Google has finally made it official: Responsive Search Ads (RSAs) are getting a well-deserved promotion as the default function in Search campaigns in Google Ads. The long-awaited change comes after the format was introduced in 2018 and, ever since, has been trying to show it can provide more flexibility and better performance for businesses than its alternatives.
While traditional ads were composed of a headline and body copy and written as they were intended to be published, RSAs have been introduced to shake up that dynamic and give marketers the best chance of improving their conversion rates. So, instead of being created as a standalone ad, RSAs seek to deliver the most effective campaigns by each piece of the ad (headline, body content, display URL) being viewed as an asset. These assets can then be mixed and matched by Google until it figures out which variations are best for delivery at any one point, depending on what people are searching for.
What are the main advantages?
RSAs should help paid search marketers to achieve better click-through rates by weighing up the effectiveness of ad variations and only delivering the one that is best suited for the audience and the digital landscape at the time. A Google spokesperson predicted that this could improve business flexibility and performance while “improving clicks and conversions up to 10%”.
In addition to the benefits of moving to more automated ways of doing things, introducing RSAs as the default encourages marketers to stop fixating on insights like click-throughs and conversion rates. Instead, it attempts to make businesses think of their results in terms of increases they’ve seen in clicks and conversions, as told by the results of RSA campaigns.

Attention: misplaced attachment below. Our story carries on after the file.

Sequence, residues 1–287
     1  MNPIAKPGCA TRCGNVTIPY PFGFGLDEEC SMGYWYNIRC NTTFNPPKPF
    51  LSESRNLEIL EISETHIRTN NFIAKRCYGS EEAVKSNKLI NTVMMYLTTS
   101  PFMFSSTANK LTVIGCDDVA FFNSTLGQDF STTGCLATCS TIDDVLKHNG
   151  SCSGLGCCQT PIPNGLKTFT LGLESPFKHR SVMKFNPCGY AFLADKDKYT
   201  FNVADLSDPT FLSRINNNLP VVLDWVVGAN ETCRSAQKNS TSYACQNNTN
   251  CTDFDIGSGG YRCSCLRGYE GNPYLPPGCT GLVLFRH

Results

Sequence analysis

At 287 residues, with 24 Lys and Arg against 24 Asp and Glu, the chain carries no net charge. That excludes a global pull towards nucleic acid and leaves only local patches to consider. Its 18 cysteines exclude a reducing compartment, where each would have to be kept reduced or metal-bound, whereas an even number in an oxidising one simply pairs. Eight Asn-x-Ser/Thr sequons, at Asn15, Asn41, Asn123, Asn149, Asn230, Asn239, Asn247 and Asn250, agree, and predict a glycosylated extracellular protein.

All businesses will work differently, and if you find RSAs aren’t for you, the good news is that the Extended Text Ads option still exists and can be used — it just won’t be your default setting in Google Ads anymore.
Why does it matter for marketers?
For one, the Ad strength score given for each of the variations trialled from the RSAs will let marketers understand how they can improve their performance and how each will benefit PPC campaigns. In particular, when setting up RSAs, you’ll find that Google Ads will display prompts — like adding more headlines or extra body content for a more detailed ad — all of which can be approved or denied by the ad creator.
It’s also important to note that previously there was some uneasiness from marketers around the assumed lack of insight from RSAs. Professionals from the digital marketing industry had expressed concern around issues such as RSAs not taking giving information on what your ads are doing with keywords. However, Google was quick to dispel the claims, clarifying that advertisers will still have their full stats available by way of the ‘assets’ tab at the ad level. So, rather than taking anything away, they’ve introduced a new performance-measuring concept to help marketers better understand their results.
If you haven’t already used RSAs, it’s well worth taking advantage of the new default setting to see what they can do for your Google Ads campaign.
Here at Glass Digital, we can help you keep up with Google’s regular updates and improve your paid search strategy. For more information, or to organise a free consultation with one of our PPC experts, get in touch today.